And Then There Were Six
An Atlas V CST-100 Starliner rocket successfully launches over a Redstone rocket at Cape Canaveral Air Force Station in Florida on Dec. 20. That same day, the U.S. Space Force was founded, making the Starliner launch the last official Air Force space launch and ushering in a new era. Air Force photo by Senior Airman Dalton Williams

And Then There Were Six

In the latest example of the White House’s determination to expand America’s reach and role in space, it has directed the Pentagon to “develop, operate and maintain space-control capabilities to ensure freedom of action in space and, if directed, to deny such freedom of action to adversaries.” 

That directive was issued not by President Donald Trump, but by President Bill Clinton – in 1996. Put another way, Trump wasn’t the first policymaker to issue marching orders to the Pentagon for operations in space. In fact, he wasn’t even the first policymaker to call for a military branch focused on defending U.S. interests in space. 

NECESSARY After Trump announced in early 2018 that he was ordering the Pentagon “to immediately begin the process necessary to establish a Space Force as the sixth branch of the Armed Forces,” several media outlets panned the idea as a “space farce.” Some dismissed it as ridiculous. Netflix announced a comedy series mocking the very notion of “a new branch ... to defend satellites from attack ... or something.” 

What the giggling pundits don’t know is that a military branch dedicated to defending America’s vulnerable assets and growing interests in space is neither a new idea nor a farce.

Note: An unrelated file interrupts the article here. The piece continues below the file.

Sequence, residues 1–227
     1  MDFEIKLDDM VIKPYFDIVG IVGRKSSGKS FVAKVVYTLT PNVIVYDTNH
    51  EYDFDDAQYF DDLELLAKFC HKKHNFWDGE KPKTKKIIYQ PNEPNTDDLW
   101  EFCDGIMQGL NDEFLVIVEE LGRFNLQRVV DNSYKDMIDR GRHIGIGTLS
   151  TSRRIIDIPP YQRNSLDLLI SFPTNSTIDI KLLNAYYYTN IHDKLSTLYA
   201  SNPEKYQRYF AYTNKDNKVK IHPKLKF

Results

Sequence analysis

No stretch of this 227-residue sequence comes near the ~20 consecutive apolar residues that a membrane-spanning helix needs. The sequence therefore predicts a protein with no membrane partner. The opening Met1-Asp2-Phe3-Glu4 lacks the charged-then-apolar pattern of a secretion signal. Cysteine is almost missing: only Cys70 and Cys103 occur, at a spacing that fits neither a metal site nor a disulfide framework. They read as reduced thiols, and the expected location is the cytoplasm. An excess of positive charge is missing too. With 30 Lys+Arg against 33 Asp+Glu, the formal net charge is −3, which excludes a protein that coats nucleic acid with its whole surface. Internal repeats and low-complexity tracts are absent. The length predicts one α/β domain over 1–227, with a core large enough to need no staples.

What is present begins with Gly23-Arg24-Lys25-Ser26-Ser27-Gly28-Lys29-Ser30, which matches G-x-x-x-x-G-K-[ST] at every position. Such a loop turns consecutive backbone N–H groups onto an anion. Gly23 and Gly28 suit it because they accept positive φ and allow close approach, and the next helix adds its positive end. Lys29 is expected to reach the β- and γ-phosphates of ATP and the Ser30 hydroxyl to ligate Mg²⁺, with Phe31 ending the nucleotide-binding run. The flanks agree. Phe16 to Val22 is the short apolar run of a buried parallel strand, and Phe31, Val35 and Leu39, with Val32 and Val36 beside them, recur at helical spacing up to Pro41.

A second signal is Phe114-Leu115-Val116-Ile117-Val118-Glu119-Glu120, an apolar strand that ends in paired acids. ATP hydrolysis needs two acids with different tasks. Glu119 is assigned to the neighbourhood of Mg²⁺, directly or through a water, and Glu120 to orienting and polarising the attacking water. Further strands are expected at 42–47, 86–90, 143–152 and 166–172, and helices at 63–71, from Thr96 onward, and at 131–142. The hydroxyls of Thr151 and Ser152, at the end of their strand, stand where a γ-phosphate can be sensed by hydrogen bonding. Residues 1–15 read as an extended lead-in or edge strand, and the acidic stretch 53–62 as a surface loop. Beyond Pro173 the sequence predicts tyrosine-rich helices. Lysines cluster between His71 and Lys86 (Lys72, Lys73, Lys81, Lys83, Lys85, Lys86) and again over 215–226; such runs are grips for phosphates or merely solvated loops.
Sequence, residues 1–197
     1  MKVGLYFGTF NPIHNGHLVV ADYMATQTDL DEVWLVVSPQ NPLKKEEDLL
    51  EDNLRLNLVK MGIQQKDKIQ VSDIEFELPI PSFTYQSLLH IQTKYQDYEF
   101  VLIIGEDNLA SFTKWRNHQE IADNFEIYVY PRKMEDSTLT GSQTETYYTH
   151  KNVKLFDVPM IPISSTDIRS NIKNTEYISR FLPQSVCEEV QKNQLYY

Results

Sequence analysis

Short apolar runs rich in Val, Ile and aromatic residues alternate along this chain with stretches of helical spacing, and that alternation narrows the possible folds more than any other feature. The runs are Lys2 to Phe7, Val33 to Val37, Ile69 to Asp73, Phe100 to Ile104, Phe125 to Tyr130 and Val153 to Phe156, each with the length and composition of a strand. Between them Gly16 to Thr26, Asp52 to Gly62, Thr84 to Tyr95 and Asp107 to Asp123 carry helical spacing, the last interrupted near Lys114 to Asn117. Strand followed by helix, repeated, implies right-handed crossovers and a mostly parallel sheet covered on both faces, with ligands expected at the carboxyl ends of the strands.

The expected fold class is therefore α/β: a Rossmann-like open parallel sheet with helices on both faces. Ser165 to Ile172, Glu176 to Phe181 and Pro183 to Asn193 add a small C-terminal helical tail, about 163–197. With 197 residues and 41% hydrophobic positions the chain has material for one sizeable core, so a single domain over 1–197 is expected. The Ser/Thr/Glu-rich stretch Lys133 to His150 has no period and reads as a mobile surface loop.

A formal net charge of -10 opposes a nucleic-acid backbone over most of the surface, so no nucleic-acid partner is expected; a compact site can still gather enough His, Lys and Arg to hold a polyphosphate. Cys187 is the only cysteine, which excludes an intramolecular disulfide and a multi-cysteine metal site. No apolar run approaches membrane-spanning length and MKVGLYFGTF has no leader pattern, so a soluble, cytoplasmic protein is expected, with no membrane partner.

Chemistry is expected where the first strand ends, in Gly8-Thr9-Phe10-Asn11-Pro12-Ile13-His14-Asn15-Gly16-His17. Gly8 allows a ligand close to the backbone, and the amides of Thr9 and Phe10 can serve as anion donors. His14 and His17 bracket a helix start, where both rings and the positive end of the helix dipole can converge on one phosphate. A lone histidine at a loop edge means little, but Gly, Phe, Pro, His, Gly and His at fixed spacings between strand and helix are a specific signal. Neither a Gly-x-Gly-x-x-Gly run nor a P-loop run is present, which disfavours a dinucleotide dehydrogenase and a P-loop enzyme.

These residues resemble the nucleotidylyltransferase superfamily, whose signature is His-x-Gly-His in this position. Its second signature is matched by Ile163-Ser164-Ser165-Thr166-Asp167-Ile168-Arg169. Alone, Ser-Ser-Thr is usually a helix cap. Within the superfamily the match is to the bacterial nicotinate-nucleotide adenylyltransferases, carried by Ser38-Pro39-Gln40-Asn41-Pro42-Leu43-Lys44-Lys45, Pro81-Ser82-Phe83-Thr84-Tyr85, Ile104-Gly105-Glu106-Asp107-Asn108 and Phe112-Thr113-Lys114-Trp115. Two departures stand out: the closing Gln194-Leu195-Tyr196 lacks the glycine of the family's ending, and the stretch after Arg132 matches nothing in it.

Long before Clinton ordered the Pentagon to develop space-control capabilities and ensure freedom of action in space, President John Kennedy in 1962 called for America to occupy “a position of pre-eminence” in space and warned of “hostile misuse of space” by adversaries. President Ronald Reagan in 1982 declared that the United States would “oppose ... prohibitions on the military or intelligence use of space.” 

In 2001, a congressionally appointed commission led by Defense Secretary Donald Rumsfeld (who headed the Pentagon under President Gerald Ford and President George W. Bush) envisioned the establishment of a Space Corps within the Air Force to help “avoid a space Pearl Harbor.” 

In 2016, John Hamre, deputy secretary of defense under Clinton, raised the possibility of a “space service” within the Air Force. 

In 2017, U.S. Reps. Jim Cooper, D-Tenn., and Mike Rogers, R-Ala., called for the creation, under the secretary of the Air Force, of a new Space Corps “as a separate military service.” 

That same year, the Trump administration reopened the National Space Council. In 2018, Trump re-established U.S. Space Command. 

In early 2019, a group of defense officials led by Defense Secretary William Perry (who headed the Pentagon under Clinton) urged the establishment of a new military service to “deter conflict from beginning in or extending into space, and, if deterrence fails, to defeat hostile actions and protect our economic and national-security interests.”  

In June 2019, NATO unveiled plans to recognize space as an operational domain of warfare. A month later, France carved out a space command within the French air force. By December, Britain’s new government announced creation of a UK space command. That same month, the U.S. Space Force (USSF) was born, following the passage of the 2020 defense bill.